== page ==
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KC Chiefs bring back veterans to mentor younger players

When Jordan Lucas was suddenly called into action against Jacksonville two weeks ago, the safety hadn’t taken a single defensive snap as a Chief.

Being thrown into the middle of a game with less than six weeks of learning Bob Sutton’s system could be daunting.

But playing alongside veteran safety Ron Parker, who has thousands of snaps with the Chiefs under his belt, made the chaotic situation much easier.

“My role is to give back to the younger guys and give all the knowledge that I know to help them play in the defense, to help them get better as a player,” Parker said. “So they can out there and play fast on Sunday so that everybody can be on the same page.

“I feel like that’s my role as an older guy, just to go out there and just to give back everything I know, being that I played in this defense for some years.”

Parker is just one of a handful of former players re-signed by the Chiefs this season. Not only do these players bring stability to their position groups, plugging holes created by injuries, but they also serve as extra coaches on the field as they help the younger players adjust to the Chiefs’ complex schemes.

“We’re all teaching each other the ropes,” Parker said. “Just pass whatever we know down to the next guy, because the defense, it’s a tough defense to learn. It’s tough for anybody just to come in and pick it up right off the bat.

“The more knowledge that we can pass back for those guys, it’ll be better for them to get on board with us and we can rock the ship.”

Parker was the first old face to return to the Chiefs this season, but in the last week, the organization has added a couple more in linebacker Frank Zombo and guard Jeff Allen.

“I can teach the playbook,” Zombo said last week.

Zombo might have been joking when he said it, but he’s not wrong. After five years in the organization, he’s a valuable commodity because he knows what’s going on in the scheme, and he can help the younger players pick it up faster.

Entering the league in 2010, Zombo is on the back end of his career. He was candid about that much when he talked with the media about his return to Kansas City. He may not end up having a huge impact with his individual performance on the field this time around, but his knowledge is invaluable to younger players like rookie Breeland Speaks and second-year player Tanoh Kpassagnon.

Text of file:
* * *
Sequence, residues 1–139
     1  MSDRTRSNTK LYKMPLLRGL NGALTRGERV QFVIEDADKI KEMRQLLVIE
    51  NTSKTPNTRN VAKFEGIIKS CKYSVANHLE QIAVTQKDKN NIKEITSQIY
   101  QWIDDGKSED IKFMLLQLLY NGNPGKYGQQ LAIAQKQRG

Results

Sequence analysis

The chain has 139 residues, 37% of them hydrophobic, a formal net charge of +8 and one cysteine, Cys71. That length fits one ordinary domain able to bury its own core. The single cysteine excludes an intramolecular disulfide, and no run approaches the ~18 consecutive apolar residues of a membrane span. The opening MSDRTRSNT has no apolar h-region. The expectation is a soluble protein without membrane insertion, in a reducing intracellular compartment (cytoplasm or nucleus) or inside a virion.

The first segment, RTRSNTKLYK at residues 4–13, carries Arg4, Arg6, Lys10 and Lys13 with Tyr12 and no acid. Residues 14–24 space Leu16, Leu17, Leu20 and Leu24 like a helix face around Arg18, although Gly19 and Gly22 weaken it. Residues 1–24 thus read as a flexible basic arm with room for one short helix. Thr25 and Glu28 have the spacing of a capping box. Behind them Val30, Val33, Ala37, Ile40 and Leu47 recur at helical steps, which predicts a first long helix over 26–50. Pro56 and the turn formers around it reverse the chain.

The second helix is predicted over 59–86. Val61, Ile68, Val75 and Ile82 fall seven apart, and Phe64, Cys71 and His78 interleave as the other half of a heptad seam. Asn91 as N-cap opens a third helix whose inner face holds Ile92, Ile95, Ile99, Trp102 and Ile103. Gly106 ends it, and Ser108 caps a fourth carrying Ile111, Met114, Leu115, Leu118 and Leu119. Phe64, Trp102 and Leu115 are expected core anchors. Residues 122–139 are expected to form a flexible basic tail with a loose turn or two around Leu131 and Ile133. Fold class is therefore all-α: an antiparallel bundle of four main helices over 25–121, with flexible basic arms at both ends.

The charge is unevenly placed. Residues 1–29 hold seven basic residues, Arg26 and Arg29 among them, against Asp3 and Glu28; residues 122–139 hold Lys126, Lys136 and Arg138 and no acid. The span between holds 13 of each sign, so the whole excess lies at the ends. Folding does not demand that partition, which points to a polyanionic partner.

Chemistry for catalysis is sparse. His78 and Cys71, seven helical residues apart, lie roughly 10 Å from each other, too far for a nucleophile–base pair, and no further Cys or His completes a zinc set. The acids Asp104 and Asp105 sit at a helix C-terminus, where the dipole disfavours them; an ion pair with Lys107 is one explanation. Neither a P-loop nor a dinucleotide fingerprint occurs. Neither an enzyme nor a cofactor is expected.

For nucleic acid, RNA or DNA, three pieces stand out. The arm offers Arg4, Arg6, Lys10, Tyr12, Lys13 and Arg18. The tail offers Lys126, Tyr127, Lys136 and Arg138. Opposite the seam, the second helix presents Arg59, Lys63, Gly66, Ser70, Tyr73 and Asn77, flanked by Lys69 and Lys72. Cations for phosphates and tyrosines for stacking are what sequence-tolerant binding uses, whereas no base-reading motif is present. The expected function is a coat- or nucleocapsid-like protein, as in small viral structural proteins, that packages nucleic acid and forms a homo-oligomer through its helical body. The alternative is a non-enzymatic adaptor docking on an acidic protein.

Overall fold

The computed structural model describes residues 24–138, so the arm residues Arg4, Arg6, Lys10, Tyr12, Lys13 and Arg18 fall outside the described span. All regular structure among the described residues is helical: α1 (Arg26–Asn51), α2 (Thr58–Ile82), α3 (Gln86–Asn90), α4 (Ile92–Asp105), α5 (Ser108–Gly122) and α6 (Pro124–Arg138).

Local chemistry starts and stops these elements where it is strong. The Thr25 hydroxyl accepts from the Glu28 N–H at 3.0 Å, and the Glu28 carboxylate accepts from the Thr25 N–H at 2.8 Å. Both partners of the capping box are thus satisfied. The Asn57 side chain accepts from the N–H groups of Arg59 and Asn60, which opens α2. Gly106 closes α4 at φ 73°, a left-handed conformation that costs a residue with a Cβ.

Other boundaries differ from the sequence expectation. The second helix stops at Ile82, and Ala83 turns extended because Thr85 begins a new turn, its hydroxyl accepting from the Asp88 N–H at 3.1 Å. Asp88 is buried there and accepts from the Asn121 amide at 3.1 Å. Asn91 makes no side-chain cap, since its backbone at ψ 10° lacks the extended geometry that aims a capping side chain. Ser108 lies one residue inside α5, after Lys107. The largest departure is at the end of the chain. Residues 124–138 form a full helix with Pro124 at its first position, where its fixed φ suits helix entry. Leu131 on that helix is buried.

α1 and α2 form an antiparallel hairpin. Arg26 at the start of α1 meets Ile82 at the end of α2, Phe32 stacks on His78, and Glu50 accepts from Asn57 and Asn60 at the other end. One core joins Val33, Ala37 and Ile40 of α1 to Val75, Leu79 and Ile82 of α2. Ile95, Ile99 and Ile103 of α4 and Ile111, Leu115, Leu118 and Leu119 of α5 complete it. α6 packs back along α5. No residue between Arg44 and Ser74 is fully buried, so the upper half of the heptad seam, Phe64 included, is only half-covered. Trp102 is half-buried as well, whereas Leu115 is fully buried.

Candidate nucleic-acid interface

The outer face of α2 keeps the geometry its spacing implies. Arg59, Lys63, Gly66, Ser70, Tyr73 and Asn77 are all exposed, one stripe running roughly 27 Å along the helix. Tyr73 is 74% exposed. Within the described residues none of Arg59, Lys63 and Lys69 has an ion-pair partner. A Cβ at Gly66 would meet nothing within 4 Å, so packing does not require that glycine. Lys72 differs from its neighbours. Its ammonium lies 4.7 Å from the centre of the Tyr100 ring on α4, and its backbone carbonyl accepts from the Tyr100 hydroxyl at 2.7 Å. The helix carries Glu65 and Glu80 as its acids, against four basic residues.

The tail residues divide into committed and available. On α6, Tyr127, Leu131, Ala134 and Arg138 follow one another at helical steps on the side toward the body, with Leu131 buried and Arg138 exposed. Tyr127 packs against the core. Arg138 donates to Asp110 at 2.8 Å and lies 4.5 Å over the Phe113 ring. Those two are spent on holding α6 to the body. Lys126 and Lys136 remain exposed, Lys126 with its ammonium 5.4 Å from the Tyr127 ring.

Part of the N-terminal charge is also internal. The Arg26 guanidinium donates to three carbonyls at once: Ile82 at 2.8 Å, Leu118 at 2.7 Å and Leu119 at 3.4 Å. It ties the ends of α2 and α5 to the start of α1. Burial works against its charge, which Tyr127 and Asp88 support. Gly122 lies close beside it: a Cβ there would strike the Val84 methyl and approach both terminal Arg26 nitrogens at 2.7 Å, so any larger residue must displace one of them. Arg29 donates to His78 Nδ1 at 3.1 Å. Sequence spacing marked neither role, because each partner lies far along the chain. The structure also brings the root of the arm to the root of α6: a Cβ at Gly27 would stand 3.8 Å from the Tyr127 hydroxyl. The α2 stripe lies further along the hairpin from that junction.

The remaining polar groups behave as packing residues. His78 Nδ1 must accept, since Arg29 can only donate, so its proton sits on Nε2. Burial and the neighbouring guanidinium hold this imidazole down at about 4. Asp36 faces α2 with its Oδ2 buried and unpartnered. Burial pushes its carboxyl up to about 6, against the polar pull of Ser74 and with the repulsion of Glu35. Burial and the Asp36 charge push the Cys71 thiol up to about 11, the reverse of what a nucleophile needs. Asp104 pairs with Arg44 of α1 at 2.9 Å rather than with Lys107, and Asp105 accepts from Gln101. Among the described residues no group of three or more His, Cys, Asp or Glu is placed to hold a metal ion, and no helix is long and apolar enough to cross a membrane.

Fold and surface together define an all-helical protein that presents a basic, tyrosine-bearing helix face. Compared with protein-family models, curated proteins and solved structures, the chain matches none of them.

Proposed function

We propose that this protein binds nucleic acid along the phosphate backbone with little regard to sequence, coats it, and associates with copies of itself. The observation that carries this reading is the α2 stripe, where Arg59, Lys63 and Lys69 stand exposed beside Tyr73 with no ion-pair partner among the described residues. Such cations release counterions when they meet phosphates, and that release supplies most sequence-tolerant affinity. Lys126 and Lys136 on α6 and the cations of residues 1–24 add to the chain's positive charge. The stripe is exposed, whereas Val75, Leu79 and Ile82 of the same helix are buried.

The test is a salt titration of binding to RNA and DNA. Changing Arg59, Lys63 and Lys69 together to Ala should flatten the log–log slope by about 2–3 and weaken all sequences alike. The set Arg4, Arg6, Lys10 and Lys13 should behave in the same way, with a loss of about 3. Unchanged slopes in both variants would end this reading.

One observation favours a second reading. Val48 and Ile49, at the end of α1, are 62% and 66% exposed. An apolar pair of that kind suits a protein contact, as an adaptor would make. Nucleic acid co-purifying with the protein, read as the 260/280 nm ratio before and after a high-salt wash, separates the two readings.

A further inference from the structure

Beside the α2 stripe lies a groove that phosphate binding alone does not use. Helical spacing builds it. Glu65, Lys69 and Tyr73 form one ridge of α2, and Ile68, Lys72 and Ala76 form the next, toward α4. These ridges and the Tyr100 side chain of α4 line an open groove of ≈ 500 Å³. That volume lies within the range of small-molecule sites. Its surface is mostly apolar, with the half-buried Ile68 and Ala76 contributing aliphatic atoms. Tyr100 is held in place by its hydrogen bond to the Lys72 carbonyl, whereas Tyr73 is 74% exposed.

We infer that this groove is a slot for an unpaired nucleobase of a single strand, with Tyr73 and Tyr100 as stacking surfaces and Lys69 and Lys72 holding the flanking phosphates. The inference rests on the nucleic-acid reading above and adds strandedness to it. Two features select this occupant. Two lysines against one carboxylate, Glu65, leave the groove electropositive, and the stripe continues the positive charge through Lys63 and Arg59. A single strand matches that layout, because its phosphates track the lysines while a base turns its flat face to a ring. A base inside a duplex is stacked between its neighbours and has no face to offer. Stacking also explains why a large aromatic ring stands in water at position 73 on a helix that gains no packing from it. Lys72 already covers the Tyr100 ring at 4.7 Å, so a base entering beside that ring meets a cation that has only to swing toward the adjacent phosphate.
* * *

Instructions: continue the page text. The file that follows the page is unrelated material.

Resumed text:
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Allen, signed on Tuesday, played for the Chiefs from 2012-15. With injuries to Mitch Morse and Laurent Duvernay-Tardif, the Chiefs needed to bring in reinforcements on the line. With Allen’s experience, he was the perfect fit for the job.

With that formula, it might seem like linebacker Derrick Johnson, recently cut by the Raiders and the Chiefs’ all-time leading tackler, would be a good fit to rejoin his old team. But Reid shot down that idea down Wednesday.

“Right now, as much as I know,” he said, “that’s not the direction that we’re going in.”

Previous Chiefs regimes also liked bringing in players who previously played for them.

During Scott Pioli’s tenure as general manager, the Chiefs brought in quarterback Matt Cassel, who played under Pioli while Pioli was vice president of player personnel in New England. In that same trade, Pioli also brought Mike Vrabel from the Patriots to the Chiefs.

But unlike the moves made by today’s Chiefs front office, those acquisitions were made to give the team immediate starters.

These Chiefs seem to like setting up their younger players with as many player mentors as possible, and that doesn’t always mean bringing back old faces.

During Mahomes’ first season, he worked closely with Alex Smith, learning successful habits from the starting quarterback first hand.

“He could watch, see somebody that did it right,” Reid said. “You could tell him as a coach and do all that as a coach, but when you have a player that you’re around with the coaches aren’t there, and he’s doing the right thing, I think that pays out. You can’t pay for that.

“Alex, when the coaches were away, didn’t sneak out the door. He didn’t not lift. He went and did, he ate right, he lifted, he studied the right way. He came in on days off and worked. That’s how he went about his business. And so, here Patrick has a chance to see that.”

And with the re-signings of veteran Chiefs, other players in the locker room have a chance to get the same hands-on education.

Brooke Pryor

Brooke Pryor covers the Kansas City Chiefs and NFL for The Star.

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